It’s been a little over two years since I came back to the tech private sector from my government service, and it’s great when we have other folks take the same path, for it improves the knowledge of each side about the other. Today we’re announcing that Peter Lee, currently the leader of the Defense Advanced Research Projects Activity’s innovative Transformational Convergence Technology Office (TCTO), is joining Microsoft to run the mighty flagship Redmond labs of Microsoft Research.
People inside Microsoft have been asking me, “What’s Peter like? What’s he been doing at DARPA?” I’ll let him answer those questions: when you have the time, check out this fascinating hour-long video from earlier this year of Peter talking about his work at DARPA to a group of University of Washington graduate students. You’ll not only get an engaging explanation of DARPA’s past and future work – including trends in technology democratization, supercomputing, cybersecurity, and open innovation – but you’ll also understand what a great rapport Peter has with fellow scientists.
Peter’s a great guy, a brilliant computer scientist (former head of the CS Department at Carnegie-Mellon), and a recent chair of the Computing Research Association (CRA) – the leading association of hundreds of North American academic departments of computer science and computer engineering; laboratories and centers in industry, government, and academia engaging in basic computing research; and affiliated professional societies. I can attest that he’s internationally known and respected for his passionate interest and energy in pursuing excellence in computing research and education.
Peter wrote eloquently about his decision to join DARPA a year ago on his personal blog – and though he was there for only a short time, he made a great impact, giving the new TCTO a unique image, as the “Innovators among innovators.” His efforts were beginning to live up to the expansive “Re-Envisioning DARPA” project he led at CRA with Randy Katz of UC-Berkeley a couple of years ago (read their incisive report here – pdf).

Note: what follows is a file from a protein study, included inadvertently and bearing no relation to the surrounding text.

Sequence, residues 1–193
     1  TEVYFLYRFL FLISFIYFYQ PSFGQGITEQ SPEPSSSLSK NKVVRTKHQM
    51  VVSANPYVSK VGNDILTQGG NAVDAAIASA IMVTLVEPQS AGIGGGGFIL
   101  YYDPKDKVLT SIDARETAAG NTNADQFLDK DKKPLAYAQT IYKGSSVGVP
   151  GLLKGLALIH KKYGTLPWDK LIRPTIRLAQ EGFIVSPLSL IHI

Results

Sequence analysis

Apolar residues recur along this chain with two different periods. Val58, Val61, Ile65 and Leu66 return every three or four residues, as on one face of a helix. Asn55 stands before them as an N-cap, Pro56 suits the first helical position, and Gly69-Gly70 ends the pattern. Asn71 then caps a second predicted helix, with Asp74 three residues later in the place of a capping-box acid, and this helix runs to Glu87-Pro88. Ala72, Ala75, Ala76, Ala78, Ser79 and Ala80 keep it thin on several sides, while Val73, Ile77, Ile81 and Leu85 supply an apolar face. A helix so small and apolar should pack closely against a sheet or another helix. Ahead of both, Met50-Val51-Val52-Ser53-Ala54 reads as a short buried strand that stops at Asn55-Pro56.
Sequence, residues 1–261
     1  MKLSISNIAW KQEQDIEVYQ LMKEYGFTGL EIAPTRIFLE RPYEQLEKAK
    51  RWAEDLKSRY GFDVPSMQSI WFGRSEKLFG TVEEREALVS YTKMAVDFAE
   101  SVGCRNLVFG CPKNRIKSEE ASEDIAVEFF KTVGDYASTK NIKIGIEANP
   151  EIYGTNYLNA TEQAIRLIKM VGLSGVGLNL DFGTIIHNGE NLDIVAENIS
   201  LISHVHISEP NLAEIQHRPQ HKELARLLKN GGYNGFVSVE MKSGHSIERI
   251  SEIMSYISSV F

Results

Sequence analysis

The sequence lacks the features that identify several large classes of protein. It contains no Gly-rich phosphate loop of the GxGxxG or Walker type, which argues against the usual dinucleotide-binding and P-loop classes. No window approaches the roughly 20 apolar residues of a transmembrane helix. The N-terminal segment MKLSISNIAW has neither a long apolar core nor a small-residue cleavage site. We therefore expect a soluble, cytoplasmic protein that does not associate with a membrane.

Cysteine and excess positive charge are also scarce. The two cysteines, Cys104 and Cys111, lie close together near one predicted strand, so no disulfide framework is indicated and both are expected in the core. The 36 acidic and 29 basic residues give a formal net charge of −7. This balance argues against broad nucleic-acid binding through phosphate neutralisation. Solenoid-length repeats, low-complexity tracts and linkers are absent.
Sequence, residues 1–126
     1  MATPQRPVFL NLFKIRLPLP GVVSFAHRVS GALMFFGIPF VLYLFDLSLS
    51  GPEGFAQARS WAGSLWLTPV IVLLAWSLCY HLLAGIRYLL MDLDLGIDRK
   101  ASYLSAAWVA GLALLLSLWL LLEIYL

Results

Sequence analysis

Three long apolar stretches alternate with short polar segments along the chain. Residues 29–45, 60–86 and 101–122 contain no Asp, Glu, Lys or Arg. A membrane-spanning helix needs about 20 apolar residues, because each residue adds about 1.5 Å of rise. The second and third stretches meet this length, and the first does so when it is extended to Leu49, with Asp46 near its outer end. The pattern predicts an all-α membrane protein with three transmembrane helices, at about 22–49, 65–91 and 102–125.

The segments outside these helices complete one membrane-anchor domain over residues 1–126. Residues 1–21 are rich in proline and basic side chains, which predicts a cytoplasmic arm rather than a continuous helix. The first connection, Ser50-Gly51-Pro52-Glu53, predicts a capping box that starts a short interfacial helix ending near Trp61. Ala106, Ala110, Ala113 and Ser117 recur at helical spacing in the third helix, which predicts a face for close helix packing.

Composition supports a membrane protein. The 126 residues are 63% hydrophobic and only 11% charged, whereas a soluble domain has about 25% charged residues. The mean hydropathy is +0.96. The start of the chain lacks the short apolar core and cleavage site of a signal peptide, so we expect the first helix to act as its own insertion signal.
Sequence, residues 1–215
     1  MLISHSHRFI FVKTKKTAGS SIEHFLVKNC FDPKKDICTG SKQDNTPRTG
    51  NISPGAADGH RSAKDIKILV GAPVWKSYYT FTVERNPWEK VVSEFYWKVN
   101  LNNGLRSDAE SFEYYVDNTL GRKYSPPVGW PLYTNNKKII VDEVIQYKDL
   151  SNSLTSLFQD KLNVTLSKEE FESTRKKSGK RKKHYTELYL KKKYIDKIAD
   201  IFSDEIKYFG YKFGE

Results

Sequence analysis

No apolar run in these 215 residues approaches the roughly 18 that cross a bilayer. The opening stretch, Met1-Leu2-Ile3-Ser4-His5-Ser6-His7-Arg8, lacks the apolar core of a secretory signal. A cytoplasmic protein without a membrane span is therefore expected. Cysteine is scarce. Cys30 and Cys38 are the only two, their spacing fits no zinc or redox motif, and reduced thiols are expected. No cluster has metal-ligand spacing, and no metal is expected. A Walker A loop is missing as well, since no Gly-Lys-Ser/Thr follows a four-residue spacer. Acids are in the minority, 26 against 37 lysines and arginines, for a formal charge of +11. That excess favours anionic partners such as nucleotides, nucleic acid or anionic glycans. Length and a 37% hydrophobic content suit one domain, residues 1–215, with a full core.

WIRED Magazine today published online a laudatory story about Peter’s move (“DARPA’s Crowdsourcer-in-Chief Bolts for Microsoft“), not surprising since WIRED and the geek-press widely covered TCTO’s crowd-sourcing (and crowd-pleasing) Network Challenge “Red-Balloons” effort last year. I’m really psyched that he’s going to bring that same blend of new ideas and energy to Microsoft Research.
And don’t worry about DARPA… another great guy, Dan Kaufman, will be covering Peter’s work after he leaves. Dan gave WIRED a really inspired quote today about his plan to continue Peter’s unconventional approach: ”We’ll also set up a big community of war fighters chatting about what they really freakin’ need — and developers get to jump in and say, ‘Hey, I can do that.’”
Filed under: Government, innovation, Intelligence, Microsoft, R&D, Technology Tagged: | Berkeley, Carnegie Mellon, CMU, computer science, computers, cs, cybersecurity, DARPA, DoD, engineering, Government, lab, Microsoft Research, military, MSR, Network Science, Peter Lee, R&D, research, science, software, TCTO, tech, Technology, UC Berkeley, University of Washington, Wired, youTube